City Councilwoman Darlene Mealy is calling for an investigation into orders given by 81st Precinct supervisors that may have led to civil rights violations, and said Police Commissioner Ray Kelly needs to do something about the issues raised in The Village Voice‘s “NYPD Tapes” series. (Part 2 of the series is here.)
Mealy, who represents parts of Bedford-Stuyvesant, also told the Voice that she plans to hold a town hall meeting on the subject, and wants bring pressure on the NYPD to make precinct commanders more accountable to the community. She also commended the Voice for “being relentless on this. This is something that needs to be heard.”
“I will pick up this banner,” she says.
The comments that sparked her strong reaction in the “NYPD Tapes” series involved instances where supervisors ordered cops to make arrests and do stop-and-frisks that appear to have ignored the probable cause and reasonable suspicion standards.
“We have to now start protecting our constituents,” she says. “Something has to be done. This is a disservice to our community. And it’s up to the commissioner to do something. If we keep seeing the same things, we have to try something new or move some people out. That behavior cannot be tolerated anymore.”
She said she tried to get help for Rhonda Scott, the women the Voice spotlighted who suffered two broken wrists when she was arrested for not having her ID a few feet from her home.
“Nothing came of it,” she says. “The police didn’t say anything. They didn’t care. There’s something terribly wrong about that.”
As for the sharp increase in stop-and-frisks in the precinct, Mealy was equally outraged. “Average people, their constitutional rights are being trampled on,” she says. “I feel it’s going to take the community to say enough is enough. It’s time to say ‘time out.’ This is America. No one’s civil rights or constitutional rights should be violated. That’s what’s happening.”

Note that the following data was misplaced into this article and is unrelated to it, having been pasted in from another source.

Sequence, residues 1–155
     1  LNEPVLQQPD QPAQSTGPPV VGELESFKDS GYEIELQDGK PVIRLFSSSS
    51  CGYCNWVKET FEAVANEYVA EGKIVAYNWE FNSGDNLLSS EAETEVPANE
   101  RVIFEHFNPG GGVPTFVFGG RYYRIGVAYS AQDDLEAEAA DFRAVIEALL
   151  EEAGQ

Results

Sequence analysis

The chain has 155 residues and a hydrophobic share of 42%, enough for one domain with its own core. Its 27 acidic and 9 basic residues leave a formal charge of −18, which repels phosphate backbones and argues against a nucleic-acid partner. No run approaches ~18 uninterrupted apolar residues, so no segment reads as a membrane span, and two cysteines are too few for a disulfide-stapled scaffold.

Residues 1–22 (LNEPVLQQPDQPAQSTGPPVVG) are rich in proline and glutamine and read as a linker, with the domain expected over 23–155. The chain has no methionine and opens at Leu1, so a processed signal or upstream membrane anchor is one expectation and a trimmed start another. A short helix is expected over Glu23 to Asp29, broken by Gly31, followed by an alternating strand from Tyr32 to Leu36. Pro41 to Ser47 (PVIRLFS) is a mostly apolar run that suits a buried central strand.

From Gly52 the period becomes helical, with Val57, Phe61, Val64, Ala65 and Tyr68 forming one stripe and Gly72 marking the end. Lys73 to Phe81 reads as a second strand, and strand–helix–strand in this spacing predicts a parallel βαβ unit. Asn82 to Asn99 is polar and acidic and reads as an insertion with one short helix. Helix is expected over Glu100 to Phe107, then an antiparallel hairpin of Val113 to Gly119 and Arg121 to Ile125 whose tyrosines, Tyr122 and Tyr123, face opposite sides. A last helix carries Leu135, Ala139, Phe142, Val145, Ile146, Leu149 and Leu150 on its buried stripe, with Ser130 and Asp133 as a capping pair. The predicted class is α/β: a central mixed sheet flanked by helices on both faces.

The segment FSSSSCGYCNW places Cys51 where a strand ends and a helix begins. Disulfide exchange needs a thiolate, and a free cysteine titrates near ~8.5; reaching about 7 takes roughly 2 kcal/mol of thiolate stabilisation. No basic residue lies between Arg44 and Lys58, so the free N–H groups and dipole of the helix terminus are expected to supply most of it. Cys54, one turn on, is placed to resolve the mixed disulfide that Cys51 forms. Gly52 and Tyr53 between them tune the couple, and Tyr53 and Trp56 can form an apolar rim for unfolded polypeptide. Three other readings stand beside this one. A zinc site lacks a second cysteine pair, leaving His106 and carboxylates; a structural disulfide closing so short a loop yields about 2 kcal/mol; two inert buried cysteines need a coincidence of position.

Mealy told the Voice that she visited the 81st Precinct three weeks ago to find out some information about an arrest. But not only did she not get the information, none of the desk officers would speak with her or identify themselves.
“No one talked to me, and I’m an elected official,” she says. “Imagine what they do to my constituents. I just wanted to know why they were arrested and how, and what was the cause.”
On another occasion, she says, she walked into the precinct with a number of senior citizens to speak with the police about an arrest in which a young man had been injured. “I was told to get the F out,” she says. “I told them this is our house. We pay for it with our taxes. We don’t have to go anywhere. Just by that day I know something is wrong with system.”
On a third occasion, she says she complained to officers who were handing out tickets to people who were double-parking during a street-cleaning period. New Yorkers routinely double-park while the street-cleaning rule is in effect on a given block, and elsewhere police don’t give tickets for it.
“On the summons quota, I had a problem just recently,” she says. “A police came and gave everyone double-parking tickets. But if you don’t do that in every part of the city, you can’t do it here. You’re taxing people $150, and that’s an extra burden on people’s lives.”